Jackie Keshner ’19, an English major with a double minor in global business and economics, will issue that challenge as the student speaker for this year’s Charter Day ceremony on Feb. 8 at 3:30 p.m. in Kaplan Arena.
Katherine A. Rowe, who was sworn in as W&M’s 28th president last year, will be inaugurated during the Charter Day ceremony, which comes in the middle of a yearlong commemoration of 100 years of coeducation at the institution.
“William & Mary means so much to me,” Keshner said. “It was my dream school going into college applications, so it really meant a lot to me to have the opportunity to speak at the Charter Day and celebrate where we’re coming from and where we’re going.”
Each year, students compete for the chance to share their reflections on the university’s charter, which was issued in 1693 by W&M namesakes King William III and Queen Mary II. An Illinois native, Keshner has entered the contest nearly every year during her time at the university.
“This year, it really all came together because when I looked at the prompt about what we are celebrating — President Rowe’s inauguration and 100 years of women — that inspired me to say why don’t we look into those stories a little bit more,” she said.
Keshner works in Swem Library in both the Tribe Tutor Zone as a writing tutor and in the Writing Resources Center as a consultant, student administrator and workshop team leader. She is also currently working on an honors thesis in 17th century literature.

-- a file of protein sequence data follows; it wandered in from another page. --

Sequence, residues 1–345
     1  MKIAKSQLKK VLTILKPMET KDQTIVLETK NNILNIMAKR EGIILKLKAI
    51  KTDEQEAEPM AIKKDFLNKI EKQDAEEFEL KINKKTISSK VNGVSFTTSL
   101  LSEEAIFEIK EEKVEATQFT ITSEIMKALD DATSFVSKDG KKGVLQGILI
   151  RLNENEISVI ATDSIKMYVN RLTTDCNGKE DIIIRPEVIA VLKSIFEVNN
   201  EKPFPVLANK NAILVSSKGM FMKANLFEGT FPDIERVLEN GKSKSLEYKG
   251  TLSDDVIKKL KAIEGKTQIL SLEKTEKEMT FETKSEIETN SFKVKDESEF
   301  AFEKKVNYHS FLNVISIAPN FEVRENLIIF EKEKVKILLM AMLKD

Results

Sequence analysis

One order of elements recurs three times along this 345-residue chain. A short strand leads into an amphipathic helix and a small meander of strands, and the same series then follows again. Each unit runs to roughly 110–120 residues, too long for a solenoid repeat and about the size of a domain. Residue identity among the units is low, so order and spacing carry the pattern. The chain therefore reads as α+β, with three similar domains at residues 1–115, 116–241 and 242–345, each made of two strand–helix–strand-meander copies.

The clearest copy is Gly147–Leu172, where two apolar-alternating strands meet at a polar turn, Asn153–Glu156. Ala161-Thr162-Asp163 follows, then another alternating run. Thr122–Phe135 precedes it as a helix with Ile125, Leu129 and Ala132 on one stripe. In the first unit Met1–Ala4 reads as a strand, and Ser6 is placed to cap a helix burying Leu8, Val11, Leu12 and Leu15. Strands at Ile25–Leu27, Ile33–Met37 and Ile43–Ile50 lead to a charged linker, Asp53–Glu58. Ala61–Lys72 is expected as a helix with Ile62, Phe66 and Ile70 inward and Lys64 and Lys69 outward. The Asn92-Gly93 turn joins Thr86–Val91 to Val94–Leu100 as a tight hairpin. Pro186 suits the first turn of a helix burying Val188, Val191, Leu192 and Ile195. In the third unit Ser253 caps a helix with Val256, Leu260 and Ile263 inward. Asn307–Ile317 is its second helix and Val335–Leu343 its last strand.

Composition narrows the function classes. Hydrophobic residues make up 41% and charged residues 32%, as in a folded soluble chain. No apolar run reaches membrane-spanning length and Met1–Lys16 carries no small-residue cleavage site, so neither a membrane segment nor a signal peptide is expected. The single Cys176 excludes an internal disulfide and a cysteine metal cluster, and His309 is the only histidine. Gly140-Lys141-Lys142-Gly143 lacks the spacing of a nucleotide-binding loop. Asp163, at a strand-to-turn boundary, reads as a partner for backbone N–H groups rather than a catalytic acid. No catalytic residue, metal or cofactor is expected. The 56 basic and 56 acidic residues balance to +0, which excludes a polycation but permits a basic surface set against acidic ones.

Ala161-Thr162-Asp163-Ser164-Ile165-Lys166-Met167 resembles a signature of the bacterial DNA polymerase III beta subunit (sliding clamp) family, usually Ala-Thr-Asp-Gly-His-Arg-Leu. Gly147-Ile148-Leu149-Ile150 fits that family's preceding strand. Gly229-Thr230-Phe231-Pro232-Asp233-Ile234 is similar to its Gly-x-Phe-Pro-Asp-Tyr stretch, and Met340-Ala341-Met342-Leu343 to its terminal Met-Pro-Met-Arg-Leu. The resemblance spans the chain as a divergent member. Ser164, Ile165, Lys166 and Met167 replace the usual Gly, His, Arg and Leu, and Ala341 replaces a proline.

Hearing about the oral history project underway in the library’s archives, immersing herself in 17th century research and seeing all of the events on campus celebrating women this year, Keshner decided to start her essay focused on telling some of Queen Mary’s story.
“We don’t know a lot about her, and we don’t think about the people behind the names (of William & Mary) as often,” she said.
At W&M today, everyone has a story, and Keshner said that she has enjoyed hearing all of them.
“You just gain an appreciation for how many stories there are just walking around on campus,” she said. “I found that really inspiring, and I think Charter Day is a good day to celebrate that.
“As an English major, you know I love stories, so bringing that all together was really exciting – and being able to speak this year, I was very excited about it.”
Keshner hopes the people who attend the Charter Day ceremony spend some time thinking about the people behind the charter as well as the current members of the campus community and what they are working toward.
“Whether you’re an alum or a faculty member or current student, the story we’re building together as a school is comprised of all the individual stories of all of us, and we can keep working on our own story and telling it and being really proud of where we are coming from,” she said.
The members of the Tribe can encourage one another just by acknowledging each other’s stories and being empathetic and compassionate.
“I think we have a lot to be proud of and also a lot of places to go, and I think we can all help one another do that,” she said.